Mystery Bird: Willow Flycatcher, Empidonax traillii

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[Mystery bird] Willow Flycatcher, Empidonax traillii, photographed near Park City, Utah. [I will identify this bird for you in 48 hours]

Image: Terry Sohl, 29 July 2009 [larger view]

Canon 50D, 400 5.6L lens.

Please name at least one field mark that supports your identification.

Review all mystery birds to date.

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Gray flycatcher. The bird has the shape and beak of a flycatcher. It's a gray flycatcher because of the light yellow/green breast feathers and subtle eye-ring. The second closest match, the pacific-slope flycatcher, has a brighter eye ring and two very distinct wing bars.

Without seeing and/or hearing this bird in the field, in it's habitat, I'm uncertain - so I'm guessing that this bird may be a Willow flycatcher - note the broad-based bill, orange-yellow underneath (gray flycatcher has a noticeable black tip that extends to the lower mandible). Other field marks I used include the subtle eye-ring, dull wingbars,short primary projection, and the slope of the forehead ("flat-headed" look from the bill up). I can't see white edges on the tail as would be an identifying field mark for the Gray flycatcher. I give up!

Enough of the Empidonax already. It's either Willow or Grey, I think. Pacific -slope should show more white behind the eye and have a broken eyering, I think. My Nat Geo guide says that some Grey have an all-orange lower mandible so I can't eliminate this. Can they be separated by wingbar colour? Have I mis-identified all Empi's up to now? I don't know without a soundtrack.Rant over.
ps excuse the spelling of gray, it's just us crazy Brits.
pps Congrats to the photographer, a superb picture.

OK, I am eliminating Pacific-slope (Empidonax difficilis) because the photo is from Utah, but the similar Cordilleran (E. occidentalis) could be found there, and although field marks for both include a distinct pair of wingbars, this could be an immature (wingbars buffy) Cordilleran... my impression of the Willow (E. traillii) is that it should be slighty more olive than as in this photo which means that it could therefore be a Gray (E. wrightii) and seeing as the three best distinguishing characteristics for the genus Empidonax are voice, breeding habitat, and range, I think I'm having better luck with all these African Nectarinia/Cinnyris Sunbirds!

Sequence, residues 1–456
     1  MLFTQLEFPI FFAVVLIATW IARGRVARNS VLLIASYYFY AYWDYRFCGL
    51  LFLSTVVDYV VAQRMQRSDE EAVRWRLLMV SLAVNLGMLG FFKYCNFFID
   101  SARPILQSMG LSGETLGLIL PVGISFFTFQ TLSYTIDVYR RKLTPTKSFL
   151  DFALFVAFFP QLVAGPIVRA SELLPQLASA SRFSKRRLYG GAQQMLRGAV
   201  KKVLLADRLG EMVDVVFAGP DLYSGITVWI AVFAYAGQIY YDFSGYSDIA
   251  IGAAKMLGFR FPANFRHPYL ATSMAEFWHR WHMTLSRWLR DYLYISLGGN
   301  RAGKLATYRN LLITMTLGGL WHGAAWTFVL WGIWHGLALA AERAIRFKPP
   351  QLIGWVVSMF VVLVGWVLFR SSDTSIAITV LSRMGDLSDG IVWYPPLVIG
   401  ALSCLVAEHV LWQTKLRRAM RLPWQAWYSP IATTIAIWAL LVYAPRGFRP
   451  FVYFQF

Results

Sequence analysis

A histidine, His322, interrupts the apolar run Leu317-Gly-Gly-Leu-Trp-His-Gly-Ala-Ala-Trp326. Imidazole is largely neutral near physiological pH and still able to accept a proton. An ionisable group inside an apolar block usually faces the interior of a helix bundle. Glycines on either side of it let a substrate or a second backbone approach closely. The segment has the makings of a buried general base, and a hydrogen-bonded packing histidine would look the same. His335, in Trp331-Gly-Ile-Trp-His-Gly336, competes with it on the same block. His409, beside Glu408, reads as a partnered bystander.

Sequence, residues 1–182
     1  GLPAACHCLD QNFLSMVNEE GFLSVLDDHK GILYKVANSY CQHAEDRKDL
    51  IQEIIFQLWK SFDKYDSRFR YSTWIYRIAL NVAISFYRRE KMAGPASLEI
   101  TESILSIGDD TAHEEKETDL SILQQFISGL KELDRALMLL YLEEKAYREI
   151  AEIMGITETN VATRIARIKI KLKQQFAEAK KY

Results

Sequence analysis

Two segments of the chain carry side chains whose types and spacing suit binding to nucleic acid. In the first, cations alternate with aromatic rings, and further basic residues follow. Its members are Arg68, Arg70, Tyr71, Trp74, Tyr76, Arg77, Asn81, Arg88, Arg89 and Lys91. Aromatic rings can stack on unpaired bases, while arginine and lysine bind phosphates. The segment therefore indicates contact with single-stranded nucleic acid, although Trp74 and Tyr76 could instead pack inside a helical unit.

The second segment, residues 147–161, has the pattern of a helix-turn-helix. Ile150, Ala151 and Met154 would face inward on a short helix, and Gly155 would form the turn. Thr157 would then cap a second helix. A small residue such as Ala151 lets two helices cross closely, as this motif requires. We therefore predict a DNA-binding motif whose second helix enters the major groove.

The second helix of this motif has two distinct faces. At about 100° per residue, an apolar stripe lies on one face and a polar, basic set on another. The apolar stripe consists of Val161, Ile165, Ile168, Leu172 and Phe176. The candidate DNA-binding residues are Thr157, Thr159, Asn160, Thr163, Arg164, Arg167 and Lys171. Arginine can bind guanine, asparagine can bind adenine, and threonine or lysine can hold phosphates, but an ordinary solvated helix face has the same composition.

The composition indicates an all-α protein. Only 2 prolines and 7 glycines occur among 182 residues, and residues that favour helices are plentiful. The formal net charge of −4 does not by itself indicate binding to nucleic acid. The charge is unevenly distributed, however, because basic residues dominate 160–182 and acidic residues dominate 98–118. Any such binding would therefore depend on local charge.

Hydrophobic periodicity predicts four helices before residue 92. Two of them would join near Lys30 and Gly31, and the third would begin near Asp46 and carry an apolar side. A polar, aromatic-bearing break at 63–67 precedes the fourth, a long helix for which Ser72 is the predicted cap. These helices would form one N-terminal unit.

I think you can rule out Pacific-slope and Cordilleran because of the pale gray throat. Both the 'western' flycatchers have yellow throats (the hard one there would be an out-of-range Yellow-bellied). In late July Pacific-slope should be unlikely in Utah, but they migrate regularly through the lowlands of Arizona, so an August P-s in Utah wouldn't surprise me. Unfortunately, I don't think they're distinguishable on sight alone.
This bird seems to me to be a bit short-tailed to be a Gray, the wing-coverts seem a bit too pale to be a Least, and the face seems to pale to be a Gray. Which leaves me with ....


Given the way the pale face fails to contrast with the throat and the wing-coverts blend into the back, I'm going to go with Gray, and chalk up the short-seeming tail to inexperience. Gray Flycatcher.


That should read "the face seems to pale to be a WILLOW."


I'm going with Willow Flycatcher even though the bird is gray-colored because of the all-orange lower mandible and almost-absent eyering.

By Michelle Scholz (not verified) on 29 Sep 2009 #permalink

OK, time to play my ace- this must be an interspecific cross between a Gray and a Willow, and in the interests of fairplay, all those who identified either get the credit for this new species of flycatcher- Empidonax ginabethadesweetii...

using my field guides (and yes, i DO have ALL of them!), i also narrowed this empid down to either grey or willow flycatcher, but opted to identify it as a willow flycatcher because i think that species is "cuter" than grey. i've studied my field guides and cannot, for the life of me, define "cute" as portrayed in the field guides, but i can sure see it in the image above. looking through all my field guides, i decided that color was not a good clue in this image for two reasons: first, the sun has washed out the bird's color in the photograph and second, the bird is in well-worn plumage, so color was not a good indicator, leaving color pattern as a reasonable clue. however, i will admit that i think i see a faint yellow edge to the primaries, which might be real or the result of wishful thinking. i also found beak color and length as well the the size of the bird's head to be helpful clues.